A217 – Introducing Religions blew my mind wide open. I discovered a subject I now have a passion for and a religion I didn’t know I needed (I’m now a practising Buddhist). We studied the “Big 6” of religions in this country – Christianity, Judaism, Islam, Hinduism, Buddhism and Sikhism. I really cannot stress strongly enough how influential this course has been in my life. This course brought back my love of philosophy and shaped the course of the rest of my life.

From this point on, I was all about religion and philosophy. I took A222 – Exploring philosophy, A332 – Why is religion controversial? and A333 – Key questions in philosophy, to finish my course – ending with a BA(Hons) Humanities with Philosophy and Religious Studies. I worked harder than I ever have before and I loved every minute of it.

But that’s not the only thing I loved…

The material I studied over the course of my degree has been amazing. I have loved studying it immensely, but the course content is not the only thing that makes the Open University a truly special institution.

I need to talk about the staff – both tutors and support staff alike.

I’ll start with support staff.

2013 was a time of massive change for me. During the first few months of the year I realised that I am transgender. Transitioning to become ‘Holly’ and live authentically as myself was a monumental task – and this was not made any easier by the response I got from almost every institution I have any contact with.

The government, my doctors, all the people I needed to inform took forever to make the change. I had to fight tooth and nail to get my GP surgery to change my name and title in their system. The DWP still haven’t fixed it in theirs. This caused me a great deal of anxiety and misery for a very long time.

Enter the OU.

I was assigned a specific staff member (whose name, alas, I cannot recall), who was in charge of making all the necessary changes. I had a number of conversations with this person about exactly what my needs where and what I expected the OU to do. She was incredibly friendly and supportive. I said that I needed my name, title and gender marker changed everywhere and she explained exactly what was going to be changed, who would be aware of it and when it would be done by. The whole process was extremely easy. It made an impossible situation infinitely easier.

At no point have I had any trouble from the university about my gender – something I cannot say about any other organisation I’ve been involved with. The whole thing was organised quickly and discretely and I will never stop being thankful for that experience.

But it wasn’t just gender issues. I also have had significant mental health problems during my course of study – issues I still struggle with.

This time I have to praise my tutors – many of whom sometimes received emails explaining that I was circling the depths of misery and devoid of all hope. The response I received from my tutors was overwhelming. Without exception, my tutors provided me with reassurance that I was not alone in this and that support was available. On one occasion I had to defer my study for a while at the suggestion of my tutor. Along with the suggestion, I was reminded that this wasn’t a the end of the world, and that my study could continue when I felt up to it. I was reminded that this wasn’t a failure – it was part of life, and the university was there to support me.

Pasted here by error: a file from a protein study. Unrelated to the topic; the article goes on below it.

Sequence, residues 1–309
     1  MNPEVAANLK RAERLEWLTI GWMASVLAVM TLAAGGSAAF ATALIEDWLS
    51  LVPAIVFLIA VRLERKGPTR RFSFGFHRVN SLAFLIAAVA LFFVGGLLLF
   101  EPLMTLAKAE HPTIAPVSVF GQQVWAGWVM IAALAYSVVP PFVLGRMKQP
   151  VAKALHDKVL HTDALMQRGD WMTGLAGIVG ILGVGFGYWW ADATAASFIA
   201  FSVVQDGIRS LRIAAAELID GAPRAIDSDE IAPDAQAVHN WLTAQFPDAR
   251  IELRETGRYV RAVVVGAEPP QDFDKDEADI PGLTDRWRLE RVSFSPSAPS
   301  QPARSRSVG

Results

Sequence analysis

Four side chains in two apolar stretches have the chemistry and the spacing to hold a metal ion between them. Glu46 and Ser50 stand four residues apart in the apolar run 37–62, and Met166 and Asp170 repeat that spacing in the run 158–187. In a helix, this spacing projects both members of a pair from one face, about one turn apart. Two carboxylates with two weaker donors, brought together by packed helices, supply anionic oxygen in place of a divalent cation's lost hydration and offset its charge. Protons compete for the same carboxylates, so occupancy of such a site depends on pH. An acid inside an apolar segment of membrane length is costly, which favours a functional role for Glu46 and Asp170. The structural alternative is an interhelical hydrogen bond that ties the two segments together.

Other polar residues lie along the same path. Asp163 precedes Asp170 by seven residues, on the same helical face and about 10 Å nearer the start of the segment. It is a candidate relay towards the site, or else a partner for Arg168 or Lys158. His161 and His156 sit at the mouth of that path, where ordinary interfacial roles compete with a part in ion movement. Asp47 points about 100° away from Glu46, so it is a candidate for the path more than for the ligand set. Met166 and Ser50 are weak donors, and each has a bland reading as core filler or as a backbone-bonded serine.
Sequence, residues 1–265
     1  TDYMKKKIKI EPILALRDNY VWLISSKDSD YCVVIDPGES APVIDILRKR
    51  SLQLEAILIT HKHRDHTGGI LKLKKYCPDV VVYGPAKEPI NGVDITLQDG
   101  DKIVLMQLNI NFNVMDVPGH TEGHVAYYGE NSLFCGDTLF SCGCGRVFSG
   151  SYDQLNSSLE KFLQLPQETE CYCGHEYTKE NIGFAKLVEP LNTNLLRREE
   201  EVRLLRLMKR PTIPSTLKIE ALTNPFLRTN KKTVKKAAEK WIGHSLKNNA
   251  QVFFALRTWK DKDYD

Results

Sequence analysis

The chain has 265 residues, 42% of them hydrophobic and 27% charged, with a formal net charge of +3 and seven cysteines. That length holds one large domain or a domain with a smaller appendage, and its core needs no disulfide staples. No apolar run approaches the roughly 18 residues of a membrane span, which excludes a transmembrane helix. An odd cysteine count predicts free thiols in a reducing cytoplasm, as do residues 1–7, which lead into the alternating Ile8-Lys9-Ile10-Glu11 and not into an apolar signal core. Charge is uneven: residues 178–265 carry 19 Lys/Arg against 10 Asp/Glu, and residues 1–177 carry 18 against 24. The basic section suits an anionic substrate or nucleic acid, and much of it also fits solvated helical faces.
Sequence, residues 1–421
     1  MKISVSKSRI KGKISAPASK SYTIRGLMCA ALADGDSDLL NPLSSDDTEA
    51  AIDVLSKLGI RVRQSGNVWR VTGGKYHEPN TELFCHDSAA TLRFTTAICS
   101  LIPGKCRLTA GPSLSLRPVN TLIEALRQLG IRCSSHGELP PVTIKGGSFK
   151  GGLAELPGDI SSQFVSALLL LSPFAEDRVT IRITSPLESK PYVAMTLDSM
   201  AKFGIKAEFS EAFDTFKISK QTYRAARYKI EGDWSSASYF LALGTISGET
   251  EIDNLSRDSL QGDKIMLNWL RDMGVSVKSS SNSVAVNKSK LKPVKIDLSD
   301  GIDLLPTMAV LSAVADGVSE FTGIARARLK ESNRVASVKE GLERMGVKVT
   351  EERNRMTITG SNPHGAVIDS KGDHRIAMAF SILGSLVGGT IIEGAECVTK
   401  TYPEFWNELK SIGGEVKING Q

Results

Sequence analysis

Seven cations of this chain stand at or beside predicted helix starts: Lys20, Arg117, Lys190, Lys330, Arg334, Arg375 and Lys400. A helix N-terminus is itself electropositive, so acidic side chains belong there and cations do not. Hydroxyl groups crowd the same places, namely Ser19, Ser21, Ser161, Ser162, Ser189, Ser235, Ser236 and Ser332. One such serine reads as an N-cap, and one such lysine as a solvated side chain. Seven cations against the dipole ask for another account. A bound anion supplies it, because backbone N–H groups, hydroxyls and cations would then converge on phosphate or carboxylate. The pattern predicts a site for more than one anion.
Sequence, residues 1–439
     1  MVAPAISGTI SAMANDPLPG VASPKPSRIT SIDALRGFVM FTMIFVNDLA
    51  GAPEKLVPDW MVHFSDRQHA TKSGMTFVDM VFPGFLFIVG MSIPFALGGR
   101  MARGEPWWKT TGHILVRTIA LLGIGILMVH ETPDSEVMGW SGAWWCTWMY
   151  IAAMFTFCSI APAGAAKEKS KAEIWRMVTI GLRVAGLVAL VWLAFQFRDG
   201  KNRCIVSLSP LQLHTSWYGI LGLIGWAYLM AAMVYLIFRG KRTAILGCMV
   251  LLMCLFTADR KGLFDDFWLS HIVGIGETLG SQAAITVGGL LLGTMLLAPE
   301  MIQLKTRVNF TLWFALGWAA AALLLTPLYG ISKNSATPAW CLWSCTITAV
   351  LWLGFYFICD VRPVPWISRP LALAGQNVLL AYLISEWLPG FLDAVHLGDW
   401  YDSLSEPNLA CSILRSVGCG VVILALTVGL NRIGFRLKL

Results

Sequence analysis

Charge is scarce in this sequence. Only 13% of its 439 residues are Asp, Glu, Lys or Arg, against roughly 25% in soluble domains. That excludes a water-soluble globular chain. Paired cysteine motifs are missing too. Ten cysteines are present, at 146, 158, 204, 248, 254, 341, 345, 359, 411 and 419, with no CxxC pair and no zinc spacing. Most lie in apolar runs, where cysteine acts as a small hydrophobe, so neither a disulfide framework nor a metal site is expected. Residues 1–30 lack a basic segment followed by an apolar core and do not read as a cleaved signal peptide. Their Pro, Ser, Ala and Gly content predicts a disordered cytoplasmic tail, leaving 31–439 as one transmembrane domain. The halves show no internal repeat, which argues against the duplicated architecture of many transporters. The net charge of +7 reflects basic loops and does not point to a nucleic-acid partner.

On another occasion, I was greatly stressed, as I had read the content of an upcoming TMA, which involved reading about the value of life. This didn’t feel like a possibility as I was already convinced that life had no value at all, and I din’t want confirmation of this. My tutor went out of his way to make sure that this assignment did not cause me undue stress, offering multiple solutions to the potential problem. I would never, and I mean never have made it through the year, let alone the course, without my tutors support at that most difficult of times.

At the end of my final tutorial of my degree, our tutor took us out to a cafe nearby and we had a long discussion about our plans for the future. It was wonderful to see that even though we didn’t see each other daily, as you might in a brick and mortar university, our tutors still cared about us as students and as people and was really interested in our well-being and our plans.

Then came graduation…

I have written in detail about my graduation day here (Personal: Graduation). It was a wonderful day, that I never thought I would have seen.

The Open University and it’s staff have been a beacon of hope, and a trusted companion in what has been a very difficult, and often hopeless seeming life.

I never really realised until I was sat watching my fellow graduates cross the stage, just how much pride I felt at being a member of this fine institution.

The Open University has supported me through some of the most difficult times in my life. It has provided me with and opportunity to study – which I couldn’t have done at a brick-and-mortar university. It has given me something to belong to, and something to be proud of. It has given me a chance to live a life I genuinely thought was lost to me.

I am a proud Alumnus of the Open University. I will soon, once again, be a proud OU student – I am (hopefully) starting a BSc this year.

The motto of the University is Learn and Live. The Open University has given me a chance to do both, and for that I am forever grateful.

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O.U. Pride <3<3